High cholesterol: Nutritionist reveals top prevention tips
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High cholesterol is very common, but most people don’t know they have it because it doesn’t cause obvious signs. The American Heart Association (AHA) explains that high cholesterol contributes to the build-up of plaque in the arteries, which can significantly reduce the blood’s flow. It says managing your cholesterol levels is essential to prevent or treat peripheral artery disease (PAD).
The NHS notes PAD is a common condition where a build-up of fatty deposits in the arteries restricts blood supply.
The health body states: “The symptoms of PAD often develop slowly, over time. If your symptoms develop quickly, or get suddenly worse, it could be a sign of a serious problem requiring immediate treatment.”
PAD is usually diagnosed through a physical examination by a GP, and by comparing the blood pressure in your arm and your ankle.
The AHA says: “The most common symptom of lower-extremity peripheral artery disease is painful muscle cramping in the hips, thighs or calves when walking, climbing stairs or exercising.”
The organisation explains the pain of PAD often goes away when you stop exercising, although this may take a few minutes.
It says: “If blood flow is blocked due to plaque build-up, the muscles won’t get enough blood during exercise to meet the needs.
“The cramping pain (called intermittent claudication) is the muscles’ way of warning the body that it isn’t receiving enough blood during exercise to meet the increased demand.”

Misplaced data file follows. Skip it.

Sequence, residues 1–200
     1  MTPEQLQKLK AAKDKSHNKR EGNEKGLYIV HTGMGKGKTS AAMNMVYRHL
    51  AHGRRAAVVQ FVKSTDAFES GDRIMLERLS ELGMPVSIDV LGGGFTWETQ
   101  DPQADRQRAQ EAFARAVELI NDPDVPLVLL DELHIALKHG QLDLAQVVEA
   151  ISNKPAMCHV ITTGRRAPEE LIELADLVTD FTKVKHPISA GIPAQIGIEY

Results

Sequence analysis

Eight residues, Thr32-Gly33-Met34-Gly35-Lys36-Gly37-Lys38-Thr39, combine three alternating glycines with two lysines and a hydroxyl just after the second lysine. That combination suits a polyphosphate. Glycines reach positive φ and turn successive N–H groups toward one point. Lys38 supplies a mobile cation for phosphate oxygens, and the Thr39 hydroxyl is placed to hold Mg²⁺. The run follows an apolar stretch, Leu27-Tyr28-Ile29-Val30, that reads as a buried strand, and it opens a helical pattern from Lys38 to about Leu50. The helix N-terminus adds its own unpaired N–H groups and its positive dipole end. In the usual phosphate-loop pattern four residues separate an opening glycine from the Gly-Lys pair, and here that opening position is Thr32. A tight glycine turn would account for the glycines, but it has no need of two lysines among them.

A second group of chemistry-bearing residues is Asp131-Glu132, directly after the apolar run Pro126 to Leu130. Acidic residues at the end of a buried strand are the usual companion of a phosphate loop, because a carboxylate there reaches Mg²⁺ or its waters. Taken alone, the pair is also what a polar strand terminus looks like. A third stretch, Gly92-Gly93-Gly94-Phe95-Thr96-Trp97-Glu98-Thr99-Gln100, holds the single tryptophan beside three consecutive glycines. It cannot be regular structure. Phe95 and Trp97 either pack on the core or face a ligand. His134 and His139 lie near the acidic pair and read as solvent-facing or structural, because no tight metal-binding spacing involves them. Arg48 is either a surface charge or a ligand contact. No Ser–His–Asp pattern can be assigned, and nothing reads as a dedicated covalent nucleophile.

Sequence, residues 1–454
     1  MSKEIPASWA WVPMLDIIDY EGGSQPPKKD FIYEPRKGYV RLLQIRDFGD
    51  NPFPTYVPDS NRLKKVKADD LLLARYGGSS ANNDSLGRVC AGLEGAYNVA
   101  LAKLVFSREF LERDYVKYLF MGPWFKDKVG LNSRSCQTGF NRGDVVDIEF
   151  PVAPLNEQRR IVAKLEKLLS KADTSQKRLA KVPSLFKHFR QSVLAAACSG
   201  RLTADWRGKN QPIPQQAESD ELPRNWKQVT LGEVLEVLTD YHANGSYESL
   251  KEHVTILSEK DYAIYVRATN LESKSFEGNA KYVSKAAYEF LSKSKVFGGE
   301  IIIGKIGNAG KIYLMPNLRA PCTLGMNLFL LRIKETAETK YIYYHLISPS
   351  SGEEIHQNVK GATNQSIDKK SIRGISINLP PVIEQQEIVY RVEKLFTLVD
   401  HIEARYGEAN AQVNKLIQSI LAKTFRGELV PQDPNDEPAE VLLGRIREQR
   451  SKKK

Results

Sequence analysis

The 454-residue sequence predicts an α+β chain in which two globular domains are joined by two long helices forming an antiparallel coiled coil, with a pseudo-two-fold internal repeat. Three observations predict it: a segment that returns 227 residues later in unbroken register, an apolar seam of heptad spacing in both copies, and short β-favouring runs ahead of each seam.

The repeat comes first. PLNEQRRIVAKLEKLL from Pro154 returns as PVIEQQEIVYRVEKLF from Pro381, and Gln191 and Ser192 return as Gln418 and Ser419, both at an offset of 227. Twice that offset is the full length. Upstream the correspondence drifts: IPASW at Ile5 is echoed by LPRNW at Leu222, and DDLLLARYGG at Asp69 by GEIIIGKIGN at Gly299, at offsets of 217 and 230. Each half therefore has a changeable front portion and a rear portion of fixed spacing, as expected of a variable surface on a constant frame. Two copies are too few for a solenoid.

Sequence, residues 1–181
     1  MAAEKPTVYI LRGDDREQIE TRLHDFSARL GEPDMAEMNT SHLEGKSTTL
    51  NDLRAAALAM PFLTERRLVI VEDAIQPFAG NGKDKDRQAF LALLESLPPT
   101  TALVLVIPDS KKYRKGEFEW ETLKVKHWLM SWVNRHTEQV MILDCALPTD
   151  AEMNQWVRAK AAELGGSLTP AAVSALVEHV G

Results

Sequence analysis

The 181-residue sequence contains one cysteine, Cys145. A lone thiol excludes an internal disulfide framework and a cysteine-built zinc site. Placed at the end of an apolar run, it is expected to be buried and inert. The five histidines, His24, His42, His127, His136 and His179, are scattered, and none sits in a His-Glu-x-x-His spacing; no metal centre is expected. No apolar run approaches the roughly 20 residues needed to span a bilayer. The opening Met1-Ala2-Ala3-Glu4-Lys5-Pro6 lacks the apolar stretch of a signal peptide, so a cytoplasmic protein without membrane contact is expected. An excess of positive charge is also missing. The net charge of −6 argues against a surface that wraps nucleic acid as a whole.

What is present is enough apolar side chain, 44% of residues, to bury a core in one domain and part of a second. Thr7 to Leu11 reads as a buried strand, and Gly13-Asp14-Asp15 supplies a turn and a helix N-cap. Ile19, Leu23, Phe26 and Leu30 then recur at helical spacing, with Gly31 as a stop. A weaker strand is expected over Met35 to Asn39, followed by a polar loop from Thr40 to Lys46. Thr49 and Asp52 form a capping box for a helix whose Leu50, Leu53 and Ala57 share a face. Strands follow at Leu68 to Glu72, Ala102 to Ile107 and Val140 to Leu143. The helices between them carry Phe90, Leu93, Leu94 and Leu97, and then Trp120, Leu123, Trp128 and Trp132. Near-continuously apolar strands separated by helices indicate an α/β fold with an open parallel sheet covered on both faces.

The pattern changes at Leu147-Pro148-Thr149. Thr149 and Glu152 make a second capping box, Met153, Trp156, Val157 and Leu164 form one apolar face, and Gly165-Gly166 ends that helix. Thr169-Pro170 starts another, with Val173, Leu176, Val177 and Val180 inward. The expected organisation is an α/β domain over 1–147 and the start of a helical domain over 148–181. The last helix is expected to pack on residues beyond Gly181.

It adds: “Many people with PAD have no symptoms or mistake their symptoms for something else.”
The AHA says: “If you have cramping, tingling or weakness in your legs, you might have peripheral artery disease.”
The organisation warns: “PAD can lead to leg or foot amputation and even heart attack or stroke. Early detection is key!”
The NHS says more than two in five people in England have high cholesterol “which puts them at significant risk of developing heart disease”.
The British Heart Foundation (BHF) recommends all adults have a cholesterol check at any age, even if they feel completely well. It should be repeated every five years – or more often if the test was abnormal.
Fortunately, not everyone with high cholesterol will experience PAD, and there are a number of ways to reduce cholesterol.
The NHS says: “To reduce your cholesterol, try to cut down on fatty food, especially food that contains a type of fat called saturated fat. You can still have foods that contain a healthier type of fat called unsaturated fat.”
Changing what you eat, being more active, and stopping smoking can often help get your cholesterol back to a healthy level.
The NHS notes there are two main types of fat, which are saturated and unsaturated. Eating too many foods high in saturated fat can raise the level of cholesterol in your blood.
The health body says most people in the UK eat too much saturated fat. If you’re aged 40 to 74, you can get your cholesterol checked as part of an NHS Health Check.
The cholesterol blood test measures your levels of total cholesterol, LDL cholesterol, HDL cholesterol, and your total cholesterol to HDL ratio. Your total cholesterol should be 5mmol/L or less for healthy adults or 4mmol/L or less for those at high risk.
The NHS adds around 6.5 million adults in England are currently taking lipid-lowering drugs such as statins.
Statins are the most common medicine for high cholesterol, according to the health service, and work by reducing the amount of cholesterol your body makes.
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